Cardinals' Oliver Marmol inherits veteran, win-now team

The young man calling in the shots in the St. Louis Cardinals' dugout is new this season.

Everything else is pretty much the same.

In fact, the return of erstwhile slugger Albert Pujols to a clubhouse that still includes longtime St. Louis stalwarts Adam Wainwright and Yadier Molina gives the club a decidedly old-school, nostalgic feel heading into the new season.

"Oh, he's got something left," said Oliver Marmol, the youngest skipper in the big leagues at 35 years old, when asked about the return of the 42-year-old Pujols following more than a decade playing for the Dodgers and Angels in Los Angeles.

“He's got more than something left,” Marmol insisted upon his arrival at spring training in Jupiter, Florida. “Albert wants to play this year because he can help a team win. He wants to finish well, and I believe he will do that.”

Pujols will likely share at-bats with Corey Dickerson, the former All-Star outfielder brought in to provide some depth at several positions. But otherwise, the roster remains largely unchanged from the group that won 90 games under former manager Mike Shildt before losing to the Dodgers in the NL wild-card game last season.

Shildt was fired shortly afterward over what Cardinals president John Mozeliak called “philosophical differences.”

Marmol was promoted to take his place after serving the previous five years in a variety of roles, even though he has no previous big league managerial experience. In fact, the 40-year-old Wainwright and the 39-year-old Molina are also older than their new manager, who brings a decidedly exuberant and optimistic approach to the clubhouse.

“I really felt like Oli was going to be a major league manager at some point. I did not think it was necessarily going to be 2022,” Mozeliak said. "He’s going to be able to put his own fingerprints on this. Ultimately you hope and expect that he learned to do things in his own way, and one that he has a lot of confidence in.”

Marmol will have plenty of veterans to lean on in his projected lineup: Paul Goldschmidt is back to man first base, Tommy Edman is at second and Nolen Arenado is at third, along with Paul DeJong at shortstop and outfield options that include young power hitter Dylan Carlson and Harrison Bader.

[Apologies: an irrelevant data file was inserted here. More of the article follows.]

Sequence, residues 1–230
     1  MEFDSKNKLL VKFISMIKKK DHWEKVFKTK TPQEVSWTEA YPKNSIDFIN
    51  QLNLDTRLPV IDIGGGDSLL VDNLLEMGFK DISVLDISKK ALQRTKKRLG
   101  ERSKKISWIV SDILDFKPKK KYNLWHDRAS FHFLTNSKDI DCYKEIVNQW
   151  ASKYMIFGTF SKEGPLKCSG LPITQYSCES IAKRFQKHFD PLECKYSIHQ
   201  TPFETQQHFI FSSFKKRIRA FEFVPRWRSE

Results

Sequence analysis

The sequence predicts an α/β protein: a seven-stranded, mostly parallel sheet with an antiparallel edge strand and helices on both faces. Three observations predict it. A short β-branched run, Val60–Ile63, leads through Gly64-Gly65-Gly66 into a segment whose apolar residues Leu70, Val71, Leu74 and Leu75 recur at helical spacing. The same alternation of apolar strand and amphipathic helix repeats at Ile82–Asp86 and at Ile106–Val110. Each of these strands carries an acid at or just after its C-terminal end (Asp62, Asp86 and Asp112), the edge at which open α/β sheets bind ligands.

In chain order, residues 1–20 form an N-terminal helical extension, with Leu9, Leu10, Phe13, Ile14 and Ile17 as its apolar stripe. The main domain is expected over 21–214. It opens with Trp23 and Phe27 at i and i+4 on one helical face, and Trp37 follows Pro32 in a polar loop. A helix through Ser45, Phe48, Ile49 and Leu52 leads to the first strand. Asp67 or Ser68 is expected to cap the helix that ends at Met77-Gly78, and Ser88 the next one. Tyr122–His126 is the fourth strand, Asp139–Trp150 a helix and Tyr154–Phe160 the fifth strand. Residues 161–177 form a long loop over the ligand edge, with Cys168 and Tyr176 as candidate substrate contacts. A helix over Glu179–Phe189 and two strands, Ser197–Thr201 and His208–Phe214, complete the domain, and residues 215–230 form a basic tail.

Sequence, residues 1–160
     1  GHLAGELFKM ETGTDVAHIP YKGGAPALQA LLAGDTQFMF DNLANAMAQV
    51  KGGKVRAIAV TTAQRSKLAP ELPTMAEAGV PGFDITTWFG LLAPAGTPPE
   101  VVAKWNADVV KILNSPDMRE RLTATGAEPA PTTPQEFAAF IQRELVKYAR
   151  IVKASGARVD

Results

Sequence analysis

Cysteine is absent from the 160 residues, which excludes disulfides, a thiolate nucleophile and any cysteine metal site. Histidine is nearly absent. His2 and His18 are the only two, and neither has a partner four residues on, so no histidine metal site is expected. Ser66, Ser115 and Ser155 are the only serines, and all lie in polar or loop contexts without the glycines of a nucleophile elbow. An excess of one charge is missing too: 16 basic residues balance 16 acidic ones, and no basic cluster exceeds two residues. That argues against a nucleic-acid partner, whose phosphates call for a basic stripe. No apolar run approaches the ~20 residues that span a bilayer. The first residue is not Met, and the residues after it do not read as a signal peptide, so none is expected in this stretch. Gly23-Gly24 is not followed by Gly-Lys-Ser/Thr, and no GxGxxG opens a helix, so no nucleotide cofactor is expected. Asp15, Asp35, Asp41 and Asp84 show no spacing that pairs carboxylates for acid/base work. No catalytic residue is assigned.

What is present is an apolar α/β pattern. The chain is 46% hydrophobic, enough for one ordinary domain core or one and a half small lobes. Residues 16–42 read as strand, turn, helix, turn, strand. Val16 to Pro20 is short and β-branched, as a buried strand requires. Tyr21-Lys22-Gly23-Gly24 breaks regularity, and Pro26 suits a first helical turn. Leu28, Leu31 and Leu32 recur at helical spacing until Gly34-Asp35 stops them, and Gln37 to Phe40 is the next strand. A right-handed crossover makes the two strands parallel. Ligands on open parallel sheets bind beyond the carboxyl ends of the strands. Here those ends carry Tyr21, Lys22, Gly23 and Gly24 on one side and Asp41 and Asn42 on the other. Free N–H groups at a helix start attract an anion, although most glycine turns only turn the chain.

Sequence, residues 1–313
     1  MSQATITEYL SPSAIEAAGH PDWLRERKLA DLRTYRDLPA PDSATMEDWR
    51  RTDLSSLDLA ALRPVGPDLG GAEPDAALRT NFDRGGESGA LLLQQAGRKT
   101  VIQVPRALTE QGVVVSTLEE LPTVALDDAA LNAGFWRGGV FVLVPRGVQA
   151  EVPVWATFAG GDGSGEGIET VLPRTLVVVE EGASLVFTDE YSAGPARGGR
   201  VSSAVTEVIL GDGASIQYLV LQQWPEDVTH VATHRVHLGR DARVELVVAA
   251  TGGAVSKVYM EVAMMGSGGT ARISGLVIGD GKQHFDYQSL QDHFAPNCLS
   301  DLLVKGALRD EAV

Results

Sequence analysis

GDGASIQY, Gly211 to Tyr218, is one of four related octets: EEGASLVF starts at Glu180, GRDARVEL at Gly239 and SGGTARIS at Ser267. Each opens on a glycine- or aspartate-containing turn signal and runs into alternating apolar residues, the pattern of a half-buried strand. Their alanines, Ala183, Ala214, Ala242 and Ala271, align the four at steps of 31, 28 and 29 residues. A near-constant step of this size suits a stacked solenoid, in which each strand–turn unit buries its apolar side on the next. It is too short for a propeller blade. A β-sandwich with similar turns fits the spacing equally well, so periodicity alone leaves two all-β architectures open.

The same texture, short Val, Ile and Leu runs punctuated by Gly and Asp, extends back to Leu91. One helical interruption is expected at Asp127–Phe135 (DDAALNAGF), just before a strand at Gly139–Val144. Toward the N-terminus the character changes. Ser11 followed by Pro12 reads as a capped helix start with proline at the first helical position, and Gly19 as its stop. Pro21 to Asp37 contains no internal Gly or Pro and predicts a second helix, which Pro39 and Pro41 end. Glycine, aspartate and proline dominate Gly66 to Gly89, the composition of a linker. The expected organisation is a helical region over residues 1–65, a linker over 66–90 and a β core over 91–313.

And of course, Molina behind the plate to make sure everything is running smoothly. The Cardinals open the season at home April 7 against Pittsburgh.


Molina took a slow approach to spring training but is expected to be in the lineup in the opener with Wainwright on the mound. They have been a battery for 304 regular-season games, the fourth-most in history, and could pass Detroit's Mickey Lolich and Bill Freehan for the record with 21 more games together.


The Cardinals do not have a particularly deep rotation, and it doesn't help that Jack Flaherty and Alex Reyes will start the season on the shelf. Flaherty recently had an injection to help with a torn labrum in his right shoulder while Reyes, who desires to start but was solid as closer last season, also has been dealing with shoulder pain.

“My goal is to get healthy and be ready to pitch, wherever it is," said Reyes, who is targeting a May return to the club.


Until the Cardinals get Reyes back in the mix, Giovanny Gallegos is expected to get the first shot at closing out games. He was 6-5 with a 3.02 ERA and 14 saves last season. Ryan Helsley, Genesis Cabrera and Jordan Hicks are the expected setup men and could pitch the ninth in a pinch.

Hicks in particular is an intriguing late-inning candidate. He had Tommy John surgery, opted out due to COVID-19, then had a minor injury setback. But the 25-year-old Hicks had 20 saves during the 2018 and '19 seasons and, when healthy, flashes an overpowering fastball that once matched Aroldis Chapman for the fastest pitch in baseball history (105.1 mph).


To help with rotational depth, the Cardinals aggressively acquired pitchers that could be used in a variety of roles, whether that means a spot start or long relief. The list includes Nick Wittgren and Blake Parker, who pitched together in Cleveland.


Cardinals’ top prospect, Jordan Walker, isn’t going to dislodge Arenado at third base any time soon. But keep an eye out for Nolan Gorman, another third baseman who moved to second with the hopes of cracking the big league lineup this summer.


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